All Articles

How and why you define the health of your future generations!

Yes! Most of us tend to think that the consequences of one’s lifestyle will affect only his/her life. It makes sense until we come to know what we don’t know!

Well, what do we not know?

What you eat, where and how you live, how often you exercise — all of these environmental factors cause chemical modifications around your genes which are then carried over to all your future generations.

Yes, Epigenetics. But before we understand what epigenetics is and how does it do all that magic, we need to understand genetics first.

Genetics 101:

The human body contains approx 40 trillion cells! The function of all these cells varies depending on where they are put to work. For example, a liver cell performs a different function than the kidney and the brain cell. We function as a whole because of these cells. Cells are the fundamental working unit in our bodies. Cells receive instructions on what exactly they need to do from a molecule called deoxyribonucleic acid (DNA).

The DNA in humans is made up of around 3 billion letters.There are four letters that repeat in a sequence — A, C, T, and G (The four fundamental nucleotide bases: Adenine, Cytosine, Guanine, and Thymine). Humans inherit these 3 billion letters from their mother and 3 billion letters from their father!

The sequence or the order of these letters determines the instruction set for the cells. Within these 3 billion letters there are approximately about 20, 000 genes. The DNA sequence when formed in specific order or pattern, forms a gene that then instructs and helps in the production of essential proteins. These proteins perform all the essential biological functions that keep us alive! Sometimes it takes just one letter in the sequence to be wrong and you might have a devastating disease. This means that the genome sequence is very very very important.

Ok, we know what is genetics now. But that’s not all there is to the story.

Enter Epigenetics:

Epigenetics is a phenomenon in which modifications happen around the DNA without actually altering the sequence of it. And these modifications are heritable. So, you can transfer things that happened to you in your life span to your children by changing how certain genes are activated or not activated.

To answer this, we need to consider our DNA and how it fits into our cells. So each of the 40 trillion cells contains about 6 feet of DNA molecule. If we were to make it linear and stretch it out, it would be as tall as some NBA player. But then how does it fit into our tiny cells?

In our cells, the DNA wraps around a cluster of 8 protein molecules called the histone. The cells have access to a bit of the DNA molecule before it again wraps around another histone. The histone also has some tails sticking out of it.

Ok! But how is this affecting my genes?

Let’s say you recently started drinking alcohol. You would probably feel the kick after one or two vodka shots. Now you continue drinking frequently for a few months. You find that you do not feel anything even after 4 shots! We all have experienced this. But how does this happen?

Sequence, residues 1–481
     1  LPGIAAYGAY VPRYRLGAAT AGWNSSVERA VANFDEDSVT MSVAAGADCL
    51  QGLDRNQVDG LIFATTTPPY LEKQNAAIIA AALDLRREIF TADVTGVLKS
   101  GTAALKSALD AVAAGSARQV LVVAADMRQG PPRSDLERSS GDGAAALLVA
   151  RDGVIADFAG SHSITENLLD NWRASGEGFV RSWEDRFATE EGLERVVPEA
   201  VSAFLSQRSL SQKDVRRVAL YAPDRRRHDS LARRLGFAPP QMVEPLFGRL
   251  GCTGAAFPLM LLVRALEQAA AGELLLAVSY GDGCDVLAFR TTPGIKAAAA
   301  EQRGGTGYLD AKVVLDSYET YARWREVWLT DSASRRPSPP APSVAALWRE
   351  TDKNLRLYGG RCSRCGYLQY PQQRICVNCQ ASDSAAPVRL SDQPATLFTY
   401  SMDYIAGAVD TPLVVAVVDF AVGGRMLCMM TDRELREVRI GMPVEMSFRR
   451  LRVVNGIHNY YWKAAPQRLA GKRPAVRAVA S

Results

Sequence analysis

This is because your body starts breaking down the alcohol faster. Basically, it switches on a higher expression of the gene that breaks down alcohol.

When you start consuming more alcohol, the liver signals the body that it needs to break down more of the alcohol rapidly. This results in some modifications added to the tails of those proteins (histone) around which the gene that breaks alcohol is wrapped around. These modifications enable the gene to be switched on easily. So they drive up gene expression.

Now after some time, you decide to get sober and control drinking alcohol. The liver does not need to break down a large amount of alcohol anymore so it signals the body again. The modifications that occurred earlier (represented by orange dots on the tails) to drive up the gene expression are replaced with new modifications (red dots) that drive down the gene expression.

let’s say you decide to take it further and stop drinking alcohol completely. The liver does not need to produce enzymes that break alcohol at all. This results in further more modifications at the tails of histones that replaces the previous ones to basically say that turn this particular gene off.

So here, the body has a mechanism to turn genes on or off based on the external factors. But it’s not just binary. There can be some orange dots, some red dots, and some purple dots. So the body shows a wide range of gene expression.

Now if a large number of purple dots (modifications that turn the gene off) accumulate near a cluster of histones, it can result in modifications to the DNA itself that say “I never want this gene to be switched on from now”. In such cases, the histone molecules scrunch together and become so compact that no part of the DNA is exposed for the cell to read. It shuts down the gene expression, almost permanently.

All of these modifications are called Epigenetic modifications! So to summarize, epigenetic modifications are changes that occur on the DNA that modifies the gene expression without altering the DNA sequence.

So how does your lifestyle affect the lives of your grand grand kids? Stay tuned for Part 2.